Western countries have held back from investing in Afghanistan, which has been in war over the past ten years. China has taken the forefront in the exploration of what some say could amount to 3 trillion dollars’ worth of natural resources, including untapped copper, iron and oil deposits.
Using the US presence as blanket for security, China is busing laying the early foundations for investments and important political ties in Afghanistan, which leaves one question to ask: what will China’s role in Afghanistan be once the US completes its withdrawal in 2014? That answer can be answered from simply observing China’s decade-long march to regional dominance. China has been a keen spectator in the US’s military situation, its economic problems, the political toll they have taken domestically, and the fracturing relationships between the countries it has most invested in: Iraq, Pakistan and Afghanistan.
While the US is bogged down in its police missions, China is playing “let’s make a deal.”
When US troops leave, China will have only two options – to leave Afghanistan or to find a way to defend their huge Afghan investments, such as the Aynak copper project, from Taliban insurgents.
In the Aynak deal, China must remain for 30 years for mining operations. It has also pledged to build rail and road connections to transport minerals to China.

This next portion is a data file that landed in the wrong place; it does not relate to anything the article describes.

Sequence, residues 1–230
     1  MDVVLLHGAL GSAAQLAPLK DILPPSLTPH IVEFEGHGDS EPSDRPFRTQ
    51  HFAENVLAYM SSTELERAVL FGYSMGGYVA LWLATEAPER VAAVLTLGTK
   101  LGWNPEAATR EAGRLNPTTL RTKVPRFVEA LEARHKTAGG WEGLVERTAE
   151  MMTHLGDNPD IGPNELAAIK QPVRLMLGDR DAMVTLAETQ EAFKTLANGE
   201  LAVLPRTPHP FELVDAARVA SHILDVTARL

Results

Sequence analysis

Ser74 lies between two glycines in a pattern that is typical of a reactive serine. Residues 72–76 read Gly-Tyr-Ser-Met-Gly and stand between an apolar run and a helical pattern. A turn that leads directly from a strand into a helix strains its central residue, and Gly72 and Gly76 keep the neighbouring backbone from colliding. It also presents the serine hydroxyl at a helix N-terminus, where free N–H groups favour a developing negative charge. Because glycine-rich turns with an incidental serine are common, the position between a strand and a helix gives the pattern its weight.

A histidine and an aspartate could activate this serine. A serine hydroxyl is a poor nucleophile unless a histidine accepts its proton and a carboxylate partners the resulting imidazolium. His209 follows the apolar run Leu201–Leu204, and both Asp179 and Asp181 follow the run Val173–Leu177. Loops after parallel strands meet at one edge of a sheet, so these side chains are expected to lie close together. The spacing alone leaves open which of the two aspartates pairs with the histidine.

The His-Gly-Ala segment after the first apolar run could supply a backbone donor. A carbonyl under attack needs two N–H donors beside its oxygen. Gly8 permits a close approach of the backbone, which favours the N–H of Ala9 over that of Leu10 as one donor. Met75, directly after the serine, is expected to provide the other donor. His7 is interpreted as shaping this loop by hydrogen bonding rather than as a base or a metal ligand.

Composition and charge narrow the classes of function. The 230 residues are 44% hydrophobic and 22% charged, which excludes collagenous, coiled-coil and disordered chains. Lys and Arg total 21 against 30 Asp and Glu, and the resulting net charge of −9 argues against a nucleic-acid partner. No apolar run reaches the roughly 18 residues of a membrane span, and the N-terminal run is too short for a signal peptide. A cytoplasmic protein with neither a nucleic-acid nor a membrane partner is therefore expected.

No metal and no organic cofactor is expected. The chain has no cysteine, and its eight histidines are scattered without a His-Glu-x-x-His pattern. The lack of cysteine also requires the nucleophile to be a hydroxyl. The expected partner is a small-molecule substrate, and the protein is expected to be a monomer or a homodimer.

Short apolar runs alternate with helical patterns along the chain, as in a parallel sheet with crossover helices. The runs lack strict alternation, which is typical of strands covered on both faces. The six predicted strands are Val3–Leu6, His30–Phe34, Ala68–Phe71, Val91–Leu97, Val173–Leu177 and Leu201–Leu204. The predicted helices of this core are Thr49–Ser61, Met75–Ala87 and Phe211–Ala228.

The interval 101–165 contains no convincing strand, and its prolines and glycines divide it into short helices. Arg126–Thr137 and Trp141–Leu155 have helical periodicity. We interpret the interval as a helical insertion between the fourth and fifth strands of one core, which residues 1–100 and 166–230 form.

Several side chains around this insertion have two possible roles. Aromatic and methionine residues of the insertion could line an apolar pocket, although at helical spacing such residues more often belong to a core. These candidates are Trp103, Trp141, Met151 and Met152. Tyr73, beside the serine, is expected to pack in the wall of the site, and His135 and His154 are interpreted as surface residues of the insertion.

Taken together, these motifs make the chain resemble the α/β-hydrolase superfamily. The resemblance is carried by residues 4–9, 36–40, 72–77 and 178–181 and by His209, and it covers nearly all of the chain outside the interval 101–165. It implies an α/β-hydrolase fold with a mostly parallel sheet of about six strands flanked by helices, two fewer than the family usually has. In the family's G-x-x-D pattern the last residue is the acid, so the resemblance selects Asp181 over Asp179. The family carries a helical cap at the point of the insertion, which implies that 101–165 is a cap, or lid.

Last year, the Afghan authorities and the State-owned Metallurgical Corp of China (MCC) signed a $7 billion (Dh25.7 bn) deal to build a rail line from the border with Pakistan up through Kabul and the Aynak copper deposit south of Kabul and then up to the Uzbek border.
What will be the fate of this project after the withdrawal of US troops? Under what conditions is it logical for China to make more huge investments in Afghanistan?
It is hard to believe that resource-hungry China will just walk away from these projects. And to defend its projects, China is unlikely to rely solely on Afghan forces, which are still not fully reliable.
It is highly likely, then, that China will come to replace the US in fighting the Taliban in Afghanistan. Pakistan would continue to play a front line role against Islamist extremists as China’s strategic ally, while the Shanghai Cooperation Organization (SCO) could assume the role now played by Nato. In all this Pakistan will be China’s vital strategic partner.
As an alternative to the US, Beijing can extend much-needed financial assistance to Pakistan.
Pakistan has been the major supply route for US and Nato missions to Afghanistan. China, which shares a small, mountainous border with Afghanistan, may open a major route for overland transit of military supplies.
The route could follow existing railway routes within China before crossing into Kazakhstan, where it could be linked up with supply lines that traverse Uzbekistan and Tajikistan. All this would permit development of adequate transit links into Afghanistan. Along with ocean links to Pakistan, this could provide China with sustainable ways to get military supplies into Afghanistan.
On November 26, a Nato attack on a Pakistani border post killed 26 Pakistani soldiers. In retaliation, Islamabad has threatened to halt its efforts to persuade the Afghan Taliban to negotiate.
But that incident merely demonstrated an emerging geopolitical reality: a strategic consensus between China and Pakistan threatens to scuttle US prospects of ending the war in Afghanistan.
Islamabad is prepared for strategic cooperation with China, in a bid to cut the US out of Afghanistan. And China, ready and willing to exploit Pakistan’s volatile relationship with the US, has the resources for both economic and military investment.